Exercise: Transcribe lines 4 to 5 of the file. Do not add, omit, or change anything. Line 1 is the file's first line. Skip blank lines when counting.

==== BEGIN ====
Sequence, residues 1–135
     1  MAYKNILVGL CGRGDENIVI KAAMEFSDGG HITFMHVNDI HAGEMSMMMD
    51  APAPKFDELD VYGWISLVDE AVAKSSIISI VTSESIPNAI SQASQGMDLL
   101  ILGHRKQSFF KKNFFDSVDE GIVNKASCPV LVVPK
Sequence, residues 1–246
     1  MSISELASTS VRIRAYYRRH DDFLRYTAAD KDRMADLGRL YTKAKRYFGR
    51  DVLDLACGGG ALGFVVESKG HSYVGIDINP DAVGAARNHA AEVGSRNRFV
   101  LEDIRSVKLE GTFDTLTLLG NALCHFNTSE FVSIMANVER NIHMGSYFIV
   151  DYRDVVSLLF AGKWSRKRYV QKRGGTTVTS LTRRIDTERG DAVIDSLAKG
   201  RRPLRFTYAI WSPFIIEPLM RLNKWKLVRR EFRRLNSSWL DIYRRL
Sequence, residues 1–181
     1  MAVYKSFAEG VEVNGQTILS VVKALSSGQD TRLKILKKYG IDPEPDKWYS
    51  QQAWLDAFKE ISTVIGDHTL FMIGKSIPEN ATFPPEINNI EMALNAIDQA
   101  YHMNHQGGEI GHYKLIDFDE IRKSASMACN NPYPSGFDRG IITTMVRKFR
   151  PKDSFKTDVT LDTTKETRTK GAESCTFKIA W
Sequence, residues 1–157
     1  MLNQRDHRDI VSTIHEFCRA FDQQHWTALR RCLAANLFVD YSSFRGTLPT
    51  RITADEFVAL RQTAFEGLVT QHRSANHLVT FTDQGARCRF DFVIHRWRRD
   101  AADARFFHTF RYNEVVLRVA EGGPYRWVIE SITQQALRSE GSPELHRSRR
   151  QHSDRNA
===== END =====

   101  ILGHRKQSFF KKNFFDSVDE GIVNKASCPV LVVPK
Sequence, residues 1–246